She has been seen by the consultant this morning and he has prescribed her antibiotics for a UTI and treatment for constipation. They say she isn't dehydrated (which I find almost impossible to believe) and that there's nothing else for them to do and are ready to send her home.
I've spoken to SS who need to arrange another care package and assessment for her - which will hopefully include blocks to raise the bed and a hoist for the bath. Seeing as getting a hospital type bed is in rocking horse poo territory and she cannot actually get into either the bath or the shower at the moment. It is also likely to involve two carers at a time which 'may take time to organise'. All this means that they can't just send her home. Thank goodness.
According to the doctor I spoke to this morning, she's eaten some breakfast and had a drink of tea.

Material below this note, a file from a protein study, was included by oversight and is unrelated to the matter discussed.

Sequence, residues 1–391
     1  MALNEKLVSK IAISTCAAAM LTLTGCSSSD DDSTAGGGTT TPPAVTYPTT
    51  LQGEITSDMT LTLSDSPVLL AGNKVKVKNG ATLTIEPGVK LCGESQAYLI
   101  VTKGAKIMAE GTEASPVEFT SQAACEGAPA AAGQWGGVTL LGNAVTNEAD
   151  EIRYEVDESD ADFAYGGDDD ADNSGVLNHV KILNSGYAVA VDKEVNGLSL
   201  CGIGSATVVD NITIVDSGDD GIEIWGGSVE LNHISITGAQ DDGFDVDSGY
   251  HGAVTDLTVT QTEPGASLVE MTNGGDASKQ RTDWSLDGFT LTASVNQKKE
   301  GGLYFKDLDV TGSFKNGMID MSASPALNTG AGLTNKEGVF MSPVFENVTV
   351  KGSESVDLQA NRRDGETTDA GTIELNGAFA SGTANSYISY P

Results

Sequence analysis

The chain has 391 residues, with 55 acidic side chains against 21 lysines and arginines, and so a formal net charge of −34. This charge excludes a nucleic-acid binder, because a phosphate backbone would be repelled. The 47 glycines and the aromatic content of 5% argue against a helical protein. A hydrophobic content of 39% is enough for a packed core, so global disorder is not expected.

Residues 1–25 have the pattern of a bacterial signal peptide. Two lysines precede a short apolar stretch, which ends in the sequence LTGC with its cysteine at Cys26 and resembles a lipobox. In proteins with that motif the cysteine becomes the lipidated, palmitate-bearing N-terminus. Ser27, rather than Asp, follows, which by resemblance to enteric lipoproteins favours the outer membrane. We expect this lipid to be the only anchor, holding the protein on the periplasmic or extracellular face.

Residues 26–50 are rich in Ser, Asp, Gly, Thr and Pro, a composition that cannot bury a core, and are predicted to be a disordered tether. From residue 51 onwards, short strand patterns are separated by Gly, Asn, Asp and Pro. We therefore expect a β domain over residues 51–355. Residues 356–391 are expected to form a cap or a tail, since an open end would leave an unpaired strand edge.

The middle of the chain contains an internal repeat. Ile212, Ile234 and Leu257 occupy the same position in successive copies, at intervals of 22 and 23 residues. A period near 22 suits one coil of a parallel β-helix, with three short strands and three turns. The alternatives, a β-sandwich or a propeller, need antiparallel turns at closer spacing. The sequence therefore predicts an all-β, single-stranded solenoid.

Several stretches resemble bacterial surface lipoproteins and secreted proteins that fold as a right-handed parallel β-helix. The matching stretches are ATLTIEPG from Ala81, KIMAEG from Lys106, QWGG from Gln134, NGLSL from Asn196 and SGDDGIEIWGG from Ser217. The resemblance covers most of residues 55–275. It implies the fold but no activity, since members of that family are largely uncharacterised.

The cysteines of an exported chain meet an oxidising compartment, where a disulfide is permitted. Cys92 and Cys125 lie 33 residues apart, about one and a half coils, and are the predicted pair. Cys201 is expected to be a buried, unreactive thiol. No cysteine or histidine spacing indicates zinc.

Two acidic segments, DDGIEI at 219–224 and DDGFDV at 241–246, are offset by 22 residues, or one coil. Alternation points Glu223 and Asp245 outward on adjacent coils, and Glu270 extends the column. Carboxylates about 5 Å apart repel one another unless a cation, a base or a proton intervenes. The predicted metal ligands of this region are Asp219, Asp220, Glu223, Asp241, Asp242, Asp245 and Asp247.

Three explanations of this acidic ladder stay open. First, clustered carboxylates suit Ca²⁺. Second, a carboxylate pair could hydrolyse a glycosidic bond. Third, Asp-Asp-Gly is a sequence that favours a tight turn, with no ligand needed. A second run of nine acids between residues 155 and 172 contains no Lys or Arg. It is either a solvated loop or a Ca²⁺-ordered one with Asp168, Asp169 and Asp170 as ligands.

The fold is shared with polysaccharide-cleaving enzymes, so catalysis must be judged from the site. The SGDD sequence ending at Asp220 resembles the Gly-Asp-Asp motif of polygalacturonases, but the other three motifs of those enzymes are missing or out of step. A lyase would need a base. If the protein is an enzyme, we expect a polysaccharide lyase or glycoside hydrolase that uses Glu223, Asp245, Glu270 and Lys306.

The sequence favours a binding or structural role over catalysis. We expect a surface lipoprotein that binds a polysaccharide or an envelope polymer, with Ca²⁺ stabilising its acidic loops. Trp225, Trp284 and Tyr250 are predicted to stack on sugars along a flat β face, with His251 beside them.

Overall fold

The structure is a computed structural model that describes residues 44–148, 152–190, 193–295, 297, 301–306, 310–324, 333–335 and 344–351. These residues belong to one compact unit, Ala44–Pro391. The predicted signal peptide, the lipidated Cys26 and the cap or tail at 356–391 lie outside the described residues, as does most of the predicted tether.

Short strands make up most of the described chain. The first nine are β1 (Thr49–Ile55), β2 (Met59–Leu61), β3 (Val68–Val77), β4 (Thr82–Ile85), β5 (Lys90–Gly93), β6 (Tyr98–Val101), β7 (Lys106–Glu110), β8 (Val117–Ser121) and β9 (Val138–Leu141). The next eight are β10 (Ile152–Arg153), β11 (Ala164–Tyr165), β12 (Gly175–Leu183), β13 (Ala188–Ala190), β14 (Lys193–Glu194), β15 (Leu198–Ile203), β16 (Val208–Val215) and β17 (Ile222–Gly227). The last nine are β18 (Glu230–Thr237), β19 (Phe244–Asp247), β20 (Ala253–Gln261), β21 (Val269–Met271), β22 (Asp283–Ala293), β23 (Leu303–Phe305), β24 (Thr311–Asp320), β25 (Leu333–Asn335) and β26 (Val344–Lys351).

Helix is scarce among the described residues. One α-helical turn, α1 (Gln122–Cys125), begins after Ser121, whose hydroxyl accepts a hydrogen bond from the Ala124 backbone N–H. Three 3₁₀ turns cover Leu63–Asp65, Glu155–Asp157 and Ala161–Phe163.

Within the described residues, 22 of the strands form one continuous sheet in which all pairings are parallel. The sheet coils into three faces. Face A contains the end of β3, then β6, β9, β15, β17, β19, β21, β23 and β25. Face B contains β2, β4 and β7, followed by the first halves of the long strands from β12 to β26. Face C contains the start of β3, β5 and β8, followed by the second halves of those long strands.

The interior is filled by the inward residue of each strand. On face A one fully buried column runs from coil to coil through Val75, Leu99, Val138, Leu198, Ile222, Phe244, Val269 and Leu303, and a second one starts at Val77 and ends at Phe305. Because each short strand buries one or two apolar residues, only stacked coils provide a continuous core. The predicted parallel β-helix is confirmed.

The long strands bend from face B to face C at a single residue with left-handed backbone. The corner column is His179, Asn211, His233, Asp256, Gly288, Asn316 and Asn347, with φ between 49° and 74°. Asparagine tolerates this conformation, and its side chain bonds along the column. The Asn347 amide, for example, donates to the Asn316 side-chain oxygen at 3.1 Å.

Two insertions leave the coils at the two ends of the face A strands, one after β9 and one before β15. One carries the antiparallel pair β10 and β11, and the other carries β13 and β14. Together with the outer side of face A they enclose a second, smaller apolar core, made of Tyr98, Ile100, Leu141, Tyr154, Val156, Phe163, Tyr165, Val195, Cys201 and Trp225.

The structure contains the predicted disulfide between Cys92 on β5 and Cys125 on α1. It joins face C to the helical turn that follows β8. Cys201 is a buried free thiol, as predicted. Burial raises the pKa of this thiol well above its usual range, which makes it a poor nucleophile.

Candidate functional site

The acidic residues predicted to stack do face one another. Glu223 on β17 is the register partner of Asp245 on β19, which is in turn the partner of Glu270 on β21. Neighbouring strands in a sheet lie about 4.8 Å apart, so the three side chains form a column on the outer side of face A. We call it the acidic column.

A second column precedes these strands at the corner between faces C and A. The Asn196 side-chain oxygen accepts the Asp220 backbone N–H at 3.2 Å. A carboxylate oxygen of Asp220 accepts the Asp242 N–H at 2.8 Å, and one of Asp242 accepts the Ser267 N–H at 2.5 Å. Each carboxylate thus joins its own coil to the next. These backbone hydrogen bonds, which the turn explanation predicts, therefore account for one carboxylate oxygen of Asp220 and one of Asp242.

I'm beginning to wonder if they are talking about the wrong woman.
The visit to hospital this afternoon was beyond infuriating.
Thankfully Dave and Glen came over to offer some support and also their experience on how to deal with and challenge nursing staff. I am still learning how to do this. Please don't get me wrong, I'm not disrespecting the nursing profession, just not confident on how to get the information you really want to hear.
It transpires that actually Ma was dehydrated enough to need two intravenous bags of fluid overnight and she's 'eaten' when someone passed and remembered to feed her.
She was still in what I would call considerable distress - clutching and pulling at the bedclothes, writhing in the bed etc. Plus her right hand has developed a marked tremor. Her 'dedicated' Nurse told us that she'd been 'fine all morning' which I do find slightly strange. Surely she didn't go from here in extreme distress, arrive at hospital and become serene and compliant only to be shouting and writhing again when we arrived this afternoon?
When we left she was becoming quieter and I hope she slept.
I have to say though that she looks so so so much better - better than she has for weeks and weeks. Clearly the intraveous fluids have made a huge difference. Massive hopes for the antibiotics now.